Sunday, February 14, 2016
Just a Wrong at Sunset
I have friends who do rants a lot, but it isn't usually my style, so maybe I can be indulged if I should.
First let's clear out of the room those cold-hearted, frozen-brained, hand-always-patting-their wallet fools who might claim I am another person feeling entitled to live on welfare and therefore not supposed to complain about how much more I haven't had doled out to me.
There are those out there who constantly refer to Social Security as an entitlement and placing those of us receiving it as just another welfare group.
Well, let me explain something to you about Social Security. It is an entitlement, I grant, because it has been bought and paid for by me and my fellow recipients on the promise we were investing in our old age security. That's right, we bought and paid for it and so are entitled to the benefit by contract, not by charity nor mercy nor bleeding-heart love of we elderly. Social Security is in essence and in fact an annuity.
An annuity is a contractual financial instrument. The simplest description is this, a person pays a sum of money to some entity, usually over a period of time, and at some point such payments end and that entity pays a promised benefit to the person. This can be as a lump sum, but is often in the form of a regular cash flow over a stated period of time. Quite often this period of time is the remaining lifetime of the person who purchased the annuity. Such annuities are commonly sold as retirement accounts and peddled by financial institutions and insurance companies.
Thus Social Security is just a form of annuity. The biggest difference is there is no choice in the matter. One doesn't look at the market place of annuities and decide one will purchase Social Security; one is forced by law to buy in. As long as a person is working and receiving a paycheck, that person is paying a set percentage of that paycheck for the annuity of Social Security. Unlike other such investments, however, there is no set end date on payments. As long as a person continues to receive a paycheck, even if they are already receiving the payout benefits, they will be charged that percentage of income for this annuity, although it will not gain them additional benefit.
I have no kick with that. I just want it understood I have a right to speak my mind without being accused of being ungrateful, because I am not receiving a gift but the promised payout for my purchase of this annuity, which I paid steadily for 52 years, for my initial payments began when I was 18 and did not end until I was 70.
If the government did a poorer job of funding their annuity product than perhaps certain insurance companies or private financial organizations did, that is not my fault. I upheld my obligation to make my premium payments, it is up to them to honor their payout commitment.
In 1973 there was another government promise made connected to Social Security and put into effect in 1975. This goes by the common name of COLA and it is not a soft drink. It is a cost of living adjustment, reasonably enacted by Congress to keep the Social Security benefit abreast of inflation or the rising cost of living. It is tied to the CPI-W.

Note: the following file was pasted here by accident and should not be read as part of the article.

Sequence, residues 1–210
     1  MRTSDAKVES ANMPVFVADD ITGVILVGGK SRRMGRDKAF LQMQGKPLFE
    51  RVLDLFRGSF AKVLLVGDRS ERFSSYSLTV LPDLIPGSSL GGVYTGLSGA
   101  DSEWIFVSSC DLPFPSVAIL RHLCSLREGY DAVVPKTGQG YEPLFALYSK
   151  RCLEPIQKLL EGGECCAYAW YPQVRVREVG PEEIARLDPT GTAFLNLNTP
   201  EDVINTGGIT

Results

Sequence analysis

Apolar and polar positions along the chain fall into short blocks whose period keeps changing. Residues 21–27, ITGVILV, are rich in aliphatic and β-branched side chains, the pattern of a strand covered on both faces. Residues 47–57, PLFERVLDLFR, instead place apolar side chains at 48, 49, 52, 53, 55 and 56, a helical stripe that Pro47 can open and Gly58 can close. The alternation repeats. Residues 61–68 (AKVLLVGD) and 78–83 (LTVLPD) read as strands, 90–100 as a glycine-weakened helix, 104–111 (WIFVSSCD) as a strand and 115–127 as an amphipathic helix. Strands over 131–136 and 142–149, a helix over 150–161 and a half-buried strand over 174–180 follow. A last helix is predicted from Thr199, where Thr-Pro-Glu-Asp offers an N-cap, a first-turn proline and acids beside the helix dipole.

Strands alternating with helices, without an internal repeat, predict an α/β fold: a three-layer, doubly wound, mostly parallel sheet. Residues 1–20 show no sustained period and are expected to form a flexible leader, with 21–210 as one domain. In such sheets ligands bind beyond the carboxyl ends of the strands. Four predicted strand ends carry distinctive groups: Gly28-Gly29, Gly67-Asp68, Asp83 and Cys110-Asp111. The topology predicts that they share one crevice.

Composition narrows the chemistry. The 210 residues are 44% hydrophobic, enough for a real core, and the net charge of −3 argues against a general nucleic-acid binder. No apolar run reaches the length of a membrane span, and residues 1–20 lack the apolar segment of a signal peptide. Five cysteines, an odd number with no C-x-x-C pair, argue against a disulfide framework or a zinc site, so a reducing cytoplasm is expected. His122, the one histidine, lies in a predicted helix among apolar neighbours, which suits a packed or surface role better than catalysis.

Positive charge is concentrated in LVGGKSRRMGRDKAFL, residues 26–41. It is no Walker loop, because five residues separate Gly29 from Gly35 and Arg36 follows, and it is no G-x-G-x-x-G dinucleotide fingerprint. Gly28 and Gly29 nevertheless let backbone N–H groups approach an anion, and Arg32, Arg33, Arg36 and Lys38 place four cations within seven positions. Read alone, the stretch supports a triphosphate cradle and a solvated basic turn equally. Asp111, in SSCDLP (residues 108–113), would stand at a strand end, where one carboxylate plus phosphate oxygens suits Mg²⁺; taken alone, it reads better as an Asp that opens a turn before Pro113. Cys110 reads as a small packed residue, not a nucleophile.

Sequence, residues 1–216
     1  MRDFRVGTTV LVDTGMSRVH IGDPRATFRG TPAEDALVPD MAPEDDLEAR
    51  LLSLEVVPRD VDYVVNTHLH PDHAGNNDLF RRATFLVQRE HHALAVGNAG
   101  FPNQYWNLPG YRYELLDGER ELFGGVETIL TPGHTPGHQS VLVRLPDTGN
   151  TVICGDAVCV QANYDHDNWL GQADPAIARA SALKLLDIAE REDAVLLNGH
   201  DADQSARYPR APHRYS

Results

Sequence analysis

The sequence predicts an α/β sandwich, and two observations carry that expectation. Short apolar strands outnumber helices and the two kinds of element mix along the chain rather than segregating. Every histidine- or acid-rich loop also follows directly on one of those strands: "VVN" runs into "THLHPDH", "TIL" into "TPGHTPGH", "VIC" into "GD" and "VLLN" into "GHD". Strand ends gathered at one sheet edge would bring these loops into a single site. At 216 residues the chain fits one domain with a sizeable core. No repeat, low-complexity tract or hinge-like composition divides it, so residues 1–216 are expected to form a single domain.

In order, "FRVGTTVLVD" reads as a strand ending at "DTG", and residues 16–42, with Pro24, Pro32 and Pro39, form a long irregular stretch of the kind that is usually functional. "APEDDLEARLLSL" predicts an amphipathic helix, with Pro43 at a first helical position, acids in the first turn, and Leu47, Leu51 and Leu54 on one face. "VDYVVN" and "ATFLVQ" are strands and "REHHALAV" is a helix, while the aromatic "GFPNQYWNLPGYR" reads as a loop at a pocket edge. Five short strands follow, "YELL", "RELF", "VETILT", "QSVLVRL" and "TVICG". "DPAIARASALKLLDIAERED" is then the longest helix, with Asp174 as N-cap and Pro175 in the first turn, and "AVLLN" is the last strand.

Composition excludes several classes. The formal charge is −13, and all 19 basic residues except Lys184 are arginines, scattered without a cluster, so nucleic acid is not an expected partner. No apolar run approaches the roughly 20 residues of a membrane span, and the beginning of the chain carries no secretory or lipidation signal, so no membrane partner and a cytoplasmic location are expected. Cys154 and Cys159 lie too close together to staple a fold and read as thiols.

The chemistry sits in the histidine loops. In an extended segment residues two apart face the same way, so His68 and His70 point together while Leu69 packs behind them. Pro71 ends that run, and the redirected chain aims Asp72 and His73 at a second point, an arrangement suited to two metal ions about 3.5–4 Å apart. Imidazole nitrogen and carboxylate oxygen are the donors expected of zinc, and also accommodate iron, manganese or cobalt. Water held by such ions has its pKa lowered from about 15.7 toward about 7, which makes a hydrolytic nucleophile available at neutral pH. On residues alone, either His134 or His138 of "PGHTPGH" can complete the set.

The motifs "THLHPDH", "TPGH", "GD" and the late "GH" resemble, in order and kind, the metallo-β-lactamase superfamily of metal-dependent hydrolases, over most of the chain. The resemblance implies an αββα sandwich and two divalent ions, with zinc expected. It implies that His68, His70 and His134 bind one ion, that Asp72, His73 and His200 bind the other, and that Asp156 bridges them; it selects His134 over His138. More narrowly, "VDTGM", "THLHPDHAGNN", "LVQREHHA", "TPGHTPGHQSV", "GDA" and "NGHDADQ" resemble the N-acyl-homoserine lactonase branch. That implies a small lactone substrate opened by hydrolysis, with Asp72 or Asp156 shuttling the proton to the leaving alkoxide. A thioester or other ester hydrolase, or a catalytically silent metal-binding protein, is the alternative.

The CPI-W is shorthand for the Consumer Price Index for Urban Wage Earners and Clerical Workers. You can see why they needed a shorthand. Most years we have seen a rise in the CPI-W and there was a small increase given each time to those on Social Security. The years of the Obama administration, however, have produced consistently low COLAs and is the first period since COLAs went into effect where there was a zero adjustment made; actually, three such zero adjustments, in 2010, 2011 and now 2016.
Theoretically, getting a zero COLA means there was nada increase in our cost of living.
Does anyone in Washington ever go to the grocery store? Do some shopping, my friends, then come back and tell me there is no inflation.
Curiously, when President Obama announced there would be no raise for Social Security recipients in 2016 he did not say it was because their was no inflation. He said it was because of the drop in gasoline prices and that difference would offset any other cost of living for seniors. Balderdash!
As a senior citizen my auto fuel costs are perhaps the least of my living expenses and one of the more discretionary. Sure, I use my car to get around, like to church or to the grocery store and such, but nowhere near like I did when I was pre-Social Security and working. It may be nice to take a little jaunt into the countryside on a summer's day, but not necessary as getting to a job was. My costs are in food and medicines and doctors and other things that come with age. As a result of no COLA, I and my wife actually receive less income now. It is true our Social Security did not go down nor did our Medicare payment go up, but our supplemental health insurance did go up. It doesn't stop going up because gas prices went down. That insurance is paid out of our Social Security, so our net shrunk, while almost everything else we spend money on also went up...except that gasoline.
The sorry little truth is that the government knew and knows that the cost of living for seniors did rise. They know this because they keep a CPI-E and it is to this the COLA should be tied, not the CPI-W. The CPI-E is the Cost of Living Index for the Elderly (those over age 62).
If the CPI-E had been used the average Social Security recipient would have received about $44 a month more in 2016 rather than zero.
Okay, my rant is finished. I guess I could find a related one if I tried, like why isn't Minimum Wage tied to an index, as commonsense would dictate, rather than being a political football every couple years?
Gee, aren't these kitty-cats cute? No, wait, that could lead to another purrfect ranting.